Lithuanian retailers’ initiative killed by subservience to voters

Beverage at a shopping centre in Lithuania
DELFI / Domantas Pipas

“Obviously, none of those who voted for the law cared about the results or the objectives of the initiative, as well as the consequences of the efforts against alcohol addiction. It was a sensitive pre-election period that the initiative was killed,” Laurynas Vilimas told BNS Lithuania.

Earlier on Tuesday, the Lithuanian parliament passed an amendment that requires retailers to ask alcohol buyers to show identification documents only if there is doubt that they are of the legal drinking age.

Vilimas also stressed that the Seimas decision provided more possibilities for young people to buy alcohol. In his words, the initiative was a great success – alcohol sales declined by 9 percent, which means that 40,000 bottles of vodka or about 30,000 bottles of beer were not bought per day..

The Seimas passed an amendment that requires retailers to ask alcohol buyers to show identification documents only if there is doubt that they are of the legal drinking age.

The amendment to the Law on Alcohol Control was adopted on a fast-track basis with 92 votes in favor, three against and eight abstentions and will come into effect after President Dalia Grybauskaitė signs it into law.

The amendment was initiated by several Social Democrats in response to an initiative by the country’s major retail chains to ask all alcohol buyers to produce documents specifying their age.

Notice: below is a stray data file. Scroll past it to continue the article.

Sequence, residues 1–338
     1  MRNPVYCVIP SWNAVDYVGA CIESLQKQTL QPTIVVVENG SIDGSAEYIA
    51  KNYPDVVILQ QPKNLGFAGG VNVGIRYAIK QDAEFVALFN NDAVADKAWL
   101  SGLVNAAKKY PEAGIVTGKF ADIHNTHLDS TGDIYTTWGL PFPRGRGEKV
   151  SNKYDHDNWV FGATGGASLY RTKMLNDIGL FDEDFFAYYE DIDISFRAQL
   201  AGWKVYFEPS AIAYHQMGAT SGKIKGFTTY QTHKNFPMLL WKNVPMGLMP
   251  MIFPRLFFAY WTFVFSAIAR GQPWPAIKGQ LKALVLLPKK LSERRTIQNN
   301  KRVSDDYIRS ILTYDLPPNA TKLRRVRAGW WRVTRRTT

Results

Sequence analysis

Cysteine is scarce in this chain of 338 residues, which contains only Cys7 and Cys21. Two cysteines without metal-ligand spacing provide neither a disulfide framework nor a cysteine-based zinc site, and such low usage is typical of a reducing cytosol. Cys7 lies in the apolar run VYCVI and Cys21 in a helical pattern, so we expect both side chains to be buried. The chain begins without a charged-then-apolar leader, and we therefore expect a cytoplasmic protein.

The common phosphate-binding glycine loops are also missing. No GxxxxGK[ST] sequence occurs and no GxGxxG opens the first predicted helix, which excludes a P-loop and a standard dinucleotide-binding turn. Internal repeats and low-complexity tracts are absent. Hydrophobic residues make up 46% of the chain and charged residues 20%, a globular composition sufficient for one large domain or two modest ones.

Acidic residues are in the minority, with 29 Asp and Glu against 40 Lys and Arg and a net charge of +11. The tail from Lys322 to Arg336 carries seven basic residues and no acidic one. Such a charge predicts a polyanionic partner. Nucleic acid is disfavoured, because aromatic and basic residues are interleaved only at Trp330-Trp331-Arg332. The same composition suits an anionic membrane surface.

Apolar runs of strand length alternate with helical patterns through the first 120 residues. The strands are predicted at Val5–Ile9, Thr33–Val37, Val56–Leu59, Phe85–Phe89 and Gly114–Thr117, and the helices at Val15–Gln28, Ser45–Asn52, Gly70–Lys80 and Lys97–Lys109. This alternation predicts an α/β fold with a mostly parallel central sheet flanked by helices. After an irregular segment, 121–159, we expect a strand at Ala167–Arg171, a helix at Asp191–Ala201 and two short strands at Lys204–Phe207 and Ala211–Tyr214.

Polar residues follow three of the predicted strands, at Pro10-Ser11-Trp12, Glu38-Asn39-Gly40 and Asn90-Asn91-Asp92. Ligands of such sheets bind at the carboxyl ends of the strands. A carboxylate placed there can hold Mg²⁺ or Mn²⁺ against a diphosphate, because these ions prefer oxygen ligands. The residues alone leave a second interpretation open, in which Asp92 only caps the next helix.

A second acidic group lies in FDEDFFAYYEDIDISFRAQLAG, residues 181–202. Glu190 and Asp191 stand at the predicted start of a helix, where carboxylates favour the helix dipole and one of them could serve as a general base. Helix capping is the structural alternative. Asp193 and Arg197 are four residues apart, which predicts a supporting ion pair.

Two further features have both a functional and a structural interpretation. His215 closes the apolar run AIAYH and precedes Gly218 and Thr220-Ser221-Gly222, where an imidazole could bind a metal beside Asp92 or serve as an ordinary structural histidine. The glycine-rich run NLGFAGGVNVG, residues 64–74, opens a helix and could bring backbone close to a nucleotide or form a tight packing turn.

This requirement has been in place in all Maxima, Iki, Rimi, Norfa, Prisma, Aibe and Lietuvos Kooperatyvų Sąjunga stores across Lithuania since September 2.

The retailers say that their goal is to prevent the sale of alcoholic drinks to minors and increase public awareness. They say that no buyer data are being collected and that buyers are only asked to show their documents to cashiers.

The chains have released figures showing that alcohol sales at their stores have declined by 9 percent since September 2 compared with the same period in 2015.

Some critics see the new requirement as a public relations gimmick to divert the public’s anger toward politicians, who are discussing proposals to allow selling alcohol only in specialized stores or shorten the hours when alcohol may be sold.

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